DHAKA  - Bangladeshi police on Friday shot dead three activists of Jamaat-e-Islami who were protesting against two of their leaders’ convictions for war crimes, while far larger demonstrations calling for the men to be executed continued for an 11th day.

A tribunal sentenced Abdul Quader Mollah to life in prison on February 5 for war crimes including murder, rape and torture.

Most Bangladeshis had expected a death sentence to be handed to Mollah, 64, assistant secretary-general of Jamaat-e-Islami.

Tens of thousands of protesters have rallied every day in more than a dozen cities since the sentencing, demanding the execution of Mollah and others convicted of war crimes. Dhaka demonstrations have attracted crowds of more than 100,000.

The deaths on Friday took place in the southeastern town of Cox’s Bazar town, a popular tourist resort, during clashes between police and Jamaat activists. Police said they opened fire after failing to disperse activists with teargas.

The town’s police chief Mohammad Azad Mia told Reuters his officers had used guns after protesters had first opened fire, set off dozens of crude bombs and hurled stones and bricks. “We had to open fire in self defence, as the militants turned on law enforcers,” he said. Jamaat called for a two-day strike in Cox’s Bazar over the weekend and a day-long national strike on Monday to protest against the killings.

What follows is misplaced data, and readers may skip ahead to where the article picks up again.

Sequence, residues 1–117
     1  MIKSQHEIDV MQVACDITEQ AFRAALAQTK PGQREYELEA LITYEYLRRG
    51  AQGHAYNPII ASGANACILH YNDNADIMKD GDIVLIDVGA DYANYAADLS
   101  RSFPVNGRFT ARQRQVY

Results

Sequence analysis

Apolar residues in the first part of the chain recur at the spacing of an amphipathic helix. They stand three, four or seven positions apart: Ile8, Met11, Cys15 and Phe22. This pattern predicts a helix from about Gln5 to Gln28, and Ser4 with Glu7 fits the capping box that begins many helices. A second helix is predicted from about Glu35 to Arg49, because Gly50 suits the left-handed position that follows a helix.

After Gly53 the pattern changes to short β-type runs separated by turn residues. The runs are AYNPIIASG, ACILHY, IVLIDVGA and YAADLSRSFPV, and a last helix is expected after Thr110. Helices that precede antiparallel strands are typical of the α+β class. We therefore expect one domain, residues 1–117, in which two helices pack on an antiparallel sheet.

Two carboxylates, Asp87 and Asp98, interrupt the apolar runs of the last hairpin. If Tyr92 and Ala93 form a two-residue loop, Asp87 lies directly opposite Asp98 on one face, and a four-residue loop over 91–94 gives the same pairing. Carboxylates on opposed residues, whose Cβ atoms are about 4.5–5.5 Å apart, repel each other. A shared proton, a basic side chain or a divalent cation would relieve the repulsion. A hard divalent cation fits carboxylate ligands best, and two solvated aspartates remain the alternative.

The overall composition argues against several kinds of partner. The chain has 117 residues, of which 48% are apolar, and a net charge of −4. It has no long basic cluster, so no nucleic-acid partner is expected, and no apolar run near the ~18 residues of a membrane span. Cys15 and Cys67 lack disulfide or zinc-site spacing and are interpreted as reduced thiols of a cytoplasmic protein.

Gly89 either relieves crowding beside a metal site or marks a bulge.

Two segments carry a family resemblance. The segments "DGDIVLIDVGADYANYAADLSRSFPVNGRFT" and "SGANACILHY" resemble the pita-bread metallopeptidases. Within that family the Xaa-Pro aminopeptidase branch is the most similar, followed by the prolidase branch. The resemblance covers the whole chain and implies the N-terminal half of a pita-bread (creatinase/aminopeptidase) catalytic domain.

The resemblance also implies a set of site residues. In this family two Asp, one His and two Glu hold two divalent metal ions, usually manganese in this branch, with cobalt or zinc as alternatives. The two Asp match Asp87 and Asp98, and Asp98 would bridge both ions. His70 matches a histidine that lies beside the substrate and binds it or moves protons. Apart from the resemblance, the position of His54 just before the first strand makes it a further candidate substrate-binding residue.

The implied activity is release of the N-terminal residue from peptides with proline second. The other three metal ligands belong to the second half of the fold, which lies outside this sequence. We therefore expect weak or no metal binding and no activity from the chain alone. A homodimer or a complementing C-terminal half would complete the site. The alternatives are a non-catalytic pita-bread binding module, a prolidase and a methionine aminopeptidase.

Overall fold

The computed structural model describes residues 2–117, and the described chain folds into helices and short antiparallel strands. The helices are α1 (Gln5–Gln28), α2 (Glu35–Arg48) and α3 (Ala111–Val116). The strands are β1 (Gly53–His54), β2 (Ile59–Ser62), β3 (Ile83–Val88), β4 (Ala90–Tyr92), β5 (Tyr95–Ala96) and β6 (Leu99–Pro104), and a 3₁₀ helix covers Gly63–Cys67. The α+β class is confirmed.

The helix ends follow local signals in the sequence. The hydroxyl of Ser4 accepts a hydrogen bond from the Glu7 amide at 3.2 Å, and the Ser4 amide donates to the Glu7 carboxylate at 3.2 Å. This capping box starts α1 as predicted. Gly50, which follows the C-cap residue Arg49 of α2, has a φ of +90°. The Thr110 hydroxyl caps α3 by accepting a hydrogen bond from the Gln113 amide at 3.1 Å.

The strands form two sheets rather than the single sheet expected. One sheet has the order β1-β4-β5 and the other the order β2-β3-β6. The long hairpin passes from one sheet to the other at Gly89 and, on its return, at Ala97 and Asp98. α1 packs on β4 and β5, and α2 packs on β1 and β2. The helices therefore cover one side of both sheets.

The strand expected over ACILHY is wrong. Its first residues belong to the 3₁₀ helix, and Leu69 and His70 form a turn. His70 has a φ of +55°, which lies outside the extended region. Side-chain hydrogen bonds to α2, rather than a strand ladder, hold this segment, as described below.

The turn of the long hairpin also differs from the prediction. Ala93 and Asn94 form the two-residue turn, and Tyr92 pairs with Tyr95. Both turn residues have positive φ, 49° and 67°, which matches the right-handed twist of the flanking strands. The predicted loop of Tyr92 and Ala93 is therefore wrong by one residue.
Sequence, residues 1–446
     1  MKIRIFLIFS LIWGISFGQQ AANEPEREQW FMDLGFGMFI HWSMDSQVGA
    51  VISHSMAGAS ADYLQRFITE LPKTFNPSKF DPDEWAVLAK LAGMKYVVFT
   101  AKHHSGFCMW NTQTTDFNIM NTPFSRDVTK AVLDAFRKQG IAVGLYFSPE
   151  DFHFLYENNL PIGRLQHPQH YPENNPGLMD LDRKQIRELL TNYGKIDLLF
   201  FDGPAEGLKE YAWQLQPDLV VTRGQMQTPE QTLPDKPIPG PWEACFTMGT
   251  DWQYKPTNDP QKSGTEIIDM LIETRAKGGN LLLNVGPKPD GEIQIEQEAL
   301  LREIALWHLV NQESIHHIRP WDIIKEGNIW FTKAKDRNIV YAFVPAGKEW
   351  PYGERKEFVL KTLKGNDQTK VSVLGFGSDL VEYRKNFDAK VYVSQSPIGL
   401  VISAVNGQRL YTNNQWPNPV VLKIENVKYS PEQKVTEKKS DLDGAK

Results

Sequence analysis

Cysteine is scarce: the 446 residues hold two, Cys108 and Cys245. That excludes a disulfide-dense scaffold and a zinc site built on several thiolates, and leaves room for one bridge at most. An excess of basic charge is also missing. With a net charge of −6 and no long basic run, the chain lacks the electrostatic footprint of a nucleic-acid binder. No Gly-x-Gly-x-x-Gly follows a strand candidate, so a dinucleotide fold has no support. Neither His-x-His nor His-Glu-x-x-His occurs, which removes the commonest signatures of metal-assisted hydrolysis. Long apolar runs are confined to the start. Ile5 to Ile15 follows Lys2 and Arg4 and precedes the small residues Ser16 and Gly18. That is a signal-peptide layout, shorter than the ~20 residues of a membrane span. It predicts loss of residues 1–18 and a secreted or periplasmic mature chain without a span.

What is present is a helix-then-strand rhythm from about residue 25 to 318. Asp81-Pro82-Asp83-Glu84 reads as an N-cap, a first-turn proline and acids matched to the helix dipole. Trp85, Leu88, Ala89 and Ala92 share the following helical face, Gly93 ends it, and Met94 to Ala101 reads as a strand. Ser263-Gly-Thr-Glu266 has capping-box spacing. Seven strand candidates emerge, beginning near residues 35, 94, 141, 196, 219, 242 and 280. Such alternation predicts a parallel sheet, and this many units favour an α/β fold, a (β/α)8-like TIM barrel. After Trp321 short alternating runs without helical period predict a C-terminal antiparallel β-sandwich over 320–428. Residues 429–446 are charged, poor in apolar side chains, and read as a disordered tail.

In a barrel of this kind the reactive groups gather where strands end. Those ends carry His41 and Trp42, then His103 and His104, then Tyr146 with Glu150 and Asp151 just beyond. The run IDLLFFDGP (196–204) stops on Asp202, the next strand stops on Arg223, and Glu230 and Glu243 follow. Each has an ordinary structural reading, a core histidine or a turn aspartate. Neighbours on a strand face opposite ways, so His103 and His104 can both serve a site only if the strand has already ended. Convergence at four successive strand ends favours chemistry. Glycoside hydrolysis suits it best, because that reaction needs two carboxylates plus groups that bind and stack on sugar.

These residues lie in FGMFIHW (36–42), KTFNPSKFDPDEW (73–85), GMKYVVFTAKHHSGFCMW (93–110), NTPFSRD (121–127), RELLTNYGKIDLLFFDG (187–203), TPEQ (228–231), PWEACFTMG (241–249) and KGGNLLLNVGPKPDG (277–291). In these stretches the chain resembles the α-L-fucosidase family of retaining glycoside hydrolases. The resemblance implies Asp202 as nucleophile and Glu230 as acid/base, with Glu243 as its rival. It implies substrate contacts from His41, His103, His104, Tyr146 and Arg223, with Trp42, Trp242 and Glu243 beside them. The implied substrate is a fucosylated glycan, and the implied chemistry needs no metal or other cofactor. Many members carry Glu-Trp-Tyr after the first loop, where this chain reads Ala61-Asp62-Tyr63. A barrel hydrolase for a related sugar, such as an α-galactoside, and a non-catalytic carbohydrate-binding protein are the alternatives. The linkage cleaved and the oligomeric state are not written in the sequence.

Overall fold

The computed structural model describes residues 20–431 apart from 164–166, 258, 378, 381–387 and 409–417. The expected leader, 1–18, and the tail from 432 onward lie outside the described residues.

Local journalist Mohammad Nurul Islam said hundreds of tourists, including some foreigners, were fleeing the town, anticipating more violence.

At least 30 activists were injured in Cox’s Bazar and more than 150 arrested on Friday, while eight police were hurt. The clashes led to authorities banning gatherings and calling in paramilitary border guards to try to prevent further violence.

Prime Minister Sheikh Hasina, daughter of independence leader Sheikh Mujibur Rahman, set up the war crimes tribunal in 2010 to investigate abuses during the 1971 war.

The main opposition Bangladesh Nationalist Party (BNP) of Hasina’s arch rival, former premier Begum Khaleda Zia, and its ally Jamaat-e-Islami, say the prime minister is using the tribunal as a political weapon against them.

The tribunal delivered its first judgment last month, sentencing a former Jamaat leader and preacher, Abul Kalam Azad, to death on similar charges. He was tried in absentia as he fled the country in April.

Eight other Jamaat leaders along with two from the BNP also face charges before the tribunal.